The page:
The common ground for copyright protection of works and the rights of its authors is provided by the Berne Convention for the Protection of Literary and Artistic Works, signed for the first time in 1886 and administered by the World Intellectual Property Organization (WIPO).
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The copyright owner controls the use of his work in a number of ways and he receives remuneration (material rights) and, attribution and integrity (moral rights). In order to use a copyrighted work, outside of the exceptions stated in the law, you need to get the permission of the copyright holder.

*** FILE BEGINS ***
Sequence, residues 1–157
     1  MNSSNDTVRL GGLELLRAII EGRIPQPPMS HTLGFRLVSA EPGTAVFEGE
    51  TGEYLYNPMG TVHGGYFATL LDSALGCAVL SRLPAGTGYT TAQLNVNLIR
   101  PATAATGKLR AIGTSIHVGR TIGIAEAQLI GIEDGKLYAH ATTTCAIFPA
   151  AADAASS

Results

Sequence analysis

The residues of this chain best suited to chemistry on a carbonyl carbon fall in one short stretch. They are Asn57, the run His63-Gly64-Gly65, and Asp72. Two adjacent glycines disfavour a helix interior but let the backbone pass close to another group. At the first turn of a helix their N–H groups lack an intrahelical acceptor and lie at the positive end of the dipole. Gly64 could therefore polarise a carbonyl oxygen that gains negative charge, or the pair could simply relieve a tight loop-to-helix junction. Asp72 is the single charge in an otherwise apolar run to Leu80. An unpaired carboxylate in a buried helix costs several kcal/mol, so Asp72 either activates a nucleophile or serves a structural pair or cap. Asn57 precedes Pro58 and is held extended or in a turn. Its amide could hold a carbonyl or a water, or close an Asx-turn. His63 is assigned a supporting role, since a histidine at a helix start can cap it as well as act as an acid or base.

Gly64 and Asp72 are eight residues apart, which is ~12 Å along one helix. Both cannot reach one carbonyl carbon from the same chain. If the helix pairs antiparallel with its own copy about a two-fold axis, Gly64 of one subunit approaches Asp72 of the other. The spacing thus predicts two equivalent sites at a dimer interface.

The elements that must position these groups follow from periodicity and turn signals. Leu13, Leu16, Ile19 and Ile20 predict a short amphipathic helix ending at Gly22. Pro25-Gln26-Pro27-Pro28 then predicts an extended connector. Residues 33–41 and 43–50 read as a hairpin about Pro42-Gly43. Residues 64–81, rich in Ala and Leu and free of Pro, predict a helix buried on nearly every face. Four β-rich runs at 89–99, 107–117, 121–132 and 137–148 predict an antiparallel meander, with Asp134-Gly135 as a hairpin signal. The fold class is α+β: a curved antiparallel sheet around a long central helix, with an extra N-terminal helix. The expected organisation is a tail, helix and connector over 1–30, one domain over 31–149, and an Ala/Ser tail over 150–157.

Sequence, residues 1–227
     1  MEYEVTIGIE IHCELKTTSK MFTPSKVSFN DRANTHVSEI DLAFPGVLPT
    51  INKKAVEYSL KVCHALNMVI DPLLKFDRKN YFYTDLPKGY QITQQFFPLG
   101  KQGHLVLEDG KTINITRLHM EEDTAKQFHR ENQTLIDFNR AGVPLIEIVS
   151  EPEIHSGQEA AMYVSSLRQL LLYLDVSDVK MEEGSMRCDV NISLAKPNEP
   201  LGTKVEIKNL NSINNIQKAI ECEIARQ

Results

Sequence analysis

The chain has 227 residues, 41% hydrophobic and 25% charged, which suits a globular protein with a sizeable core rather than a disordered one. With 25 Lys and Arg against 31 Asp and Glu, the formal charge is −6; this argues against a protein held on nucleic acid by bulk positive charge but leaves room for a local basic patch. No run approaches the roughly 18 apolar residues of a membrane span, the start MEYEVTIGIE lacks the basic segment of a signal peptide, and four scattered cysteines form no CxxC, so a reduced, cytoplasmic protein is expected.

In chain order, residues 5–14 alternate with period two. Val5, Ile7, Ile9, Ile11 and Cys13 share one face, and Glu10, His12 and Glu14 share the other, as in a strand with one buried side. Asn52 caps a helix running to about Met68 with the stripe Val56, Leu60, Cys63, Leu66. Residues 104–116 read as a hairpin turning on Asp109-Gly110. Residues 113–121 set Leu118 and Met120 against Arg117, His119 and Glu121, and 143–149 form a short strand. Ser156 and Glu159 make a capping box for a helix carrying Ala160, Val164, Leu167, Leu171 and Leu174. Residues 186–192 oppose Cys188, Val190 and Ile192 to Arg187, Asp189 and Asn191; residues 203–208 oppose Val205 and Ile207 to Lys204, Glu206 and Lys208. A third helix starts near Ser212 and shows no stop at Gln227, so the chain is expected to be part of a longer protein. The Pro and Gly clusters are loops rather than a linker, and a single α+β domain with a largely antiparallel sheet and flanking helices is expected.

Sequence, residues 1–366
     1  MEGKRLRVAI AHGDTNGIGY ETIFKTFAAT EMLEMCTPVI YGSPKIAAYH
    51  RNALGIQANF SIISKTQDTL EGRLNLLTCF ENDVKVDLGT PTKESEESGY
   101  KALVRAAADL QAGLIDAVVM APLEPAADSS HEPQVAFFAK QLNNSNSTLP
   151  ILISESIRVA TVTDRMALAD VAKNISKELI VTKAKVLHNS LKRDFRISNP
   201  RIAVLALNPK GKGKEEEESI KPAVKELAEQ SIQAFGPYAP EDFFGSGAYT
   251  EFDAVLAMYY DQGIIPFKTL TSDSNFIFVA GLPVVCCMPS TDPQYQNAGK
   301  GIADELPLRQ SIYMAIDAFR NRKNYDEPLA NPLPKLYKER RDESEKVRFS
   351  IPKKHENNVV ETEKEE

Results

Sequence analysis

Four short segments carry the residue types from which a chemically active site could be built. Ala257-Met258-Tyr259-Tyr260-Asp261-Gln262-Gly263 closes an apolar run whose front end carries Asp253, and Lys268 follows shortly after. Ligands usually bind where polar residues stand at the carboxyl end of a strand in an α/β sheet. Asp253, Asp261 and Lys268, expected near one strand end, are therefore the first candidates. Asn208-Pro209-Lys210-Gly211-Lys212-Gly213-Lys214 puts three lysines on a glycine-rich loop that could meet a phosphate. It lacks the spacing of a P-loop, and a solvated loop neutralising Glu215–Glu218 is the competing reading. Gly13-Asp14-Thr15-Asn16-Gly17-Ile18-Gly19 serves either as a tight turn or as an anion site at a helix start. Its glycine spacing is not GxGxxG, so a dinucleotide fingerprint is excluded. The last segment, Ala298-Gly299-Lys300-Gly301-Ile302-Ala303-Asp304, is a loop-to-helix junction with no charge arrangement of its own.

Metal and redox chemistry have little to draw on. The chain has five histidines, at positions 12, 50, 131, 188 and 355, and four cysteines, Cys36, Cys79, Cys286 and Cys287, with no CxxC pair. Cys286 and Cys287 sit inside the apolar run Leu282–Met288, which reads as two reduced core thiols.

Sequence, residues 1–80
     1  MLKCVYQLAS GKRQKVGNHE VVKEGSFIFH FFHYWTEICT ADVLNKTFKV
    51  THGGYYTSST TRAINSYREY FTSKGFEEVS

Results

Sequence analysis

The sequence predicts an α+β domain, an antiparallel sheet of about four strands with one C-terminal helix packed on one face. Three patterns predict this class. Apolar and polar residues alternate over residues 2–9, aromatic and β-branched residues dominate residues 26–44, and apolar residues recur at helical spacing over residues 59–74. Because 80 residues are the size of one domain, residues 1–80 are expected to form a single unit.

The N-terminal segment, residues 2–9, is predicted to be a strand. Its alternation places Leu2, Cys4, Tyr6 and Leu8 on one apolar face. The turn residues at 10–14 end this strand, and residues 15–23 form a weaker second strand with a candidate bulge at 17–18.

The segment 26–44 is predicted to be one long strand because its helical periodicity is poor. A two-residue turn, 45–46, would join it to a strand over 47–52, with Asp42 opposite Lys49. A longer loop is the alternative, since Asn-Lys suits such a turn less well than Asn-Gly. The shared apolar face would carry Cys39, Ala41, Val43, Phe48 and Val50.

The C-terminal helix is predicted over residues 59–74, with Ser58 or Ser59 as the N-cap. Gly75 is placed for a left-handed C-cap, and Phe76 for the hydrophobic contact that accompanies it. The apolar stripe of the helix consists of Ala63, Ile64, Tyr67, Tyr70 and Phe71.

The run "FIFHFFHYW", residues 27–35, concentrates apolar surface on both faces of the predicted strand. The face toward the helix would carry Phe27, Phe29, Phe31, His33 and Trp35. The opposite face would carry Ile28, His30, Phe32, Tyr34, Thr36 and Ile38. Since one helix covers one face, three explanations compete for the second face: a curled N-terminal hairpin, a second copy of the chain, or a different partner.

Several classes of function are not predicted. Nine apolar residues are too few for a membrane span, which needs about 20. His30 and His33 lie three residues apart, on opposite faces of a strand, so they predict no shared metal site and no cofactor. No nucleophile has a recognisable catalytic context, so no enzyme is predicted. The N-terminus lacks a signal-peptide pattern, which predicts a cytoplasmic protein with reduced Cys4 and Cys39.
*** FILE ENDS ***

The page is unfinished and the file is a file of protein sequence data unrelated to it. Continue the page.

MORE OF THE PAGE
In most cases, the author or creator of the work is the copyright holder unless they have transferred the rights to someone else through a written agreement, such as a publishing agreement.
* If the work is created as part of a person's employment, it may be a "work for hire," meaning that the employer is the copyright holder.
* If two or more people together create a work, they are joint holders of the copyright. Joint owners each have an equal right to exercise and enforce the copyright.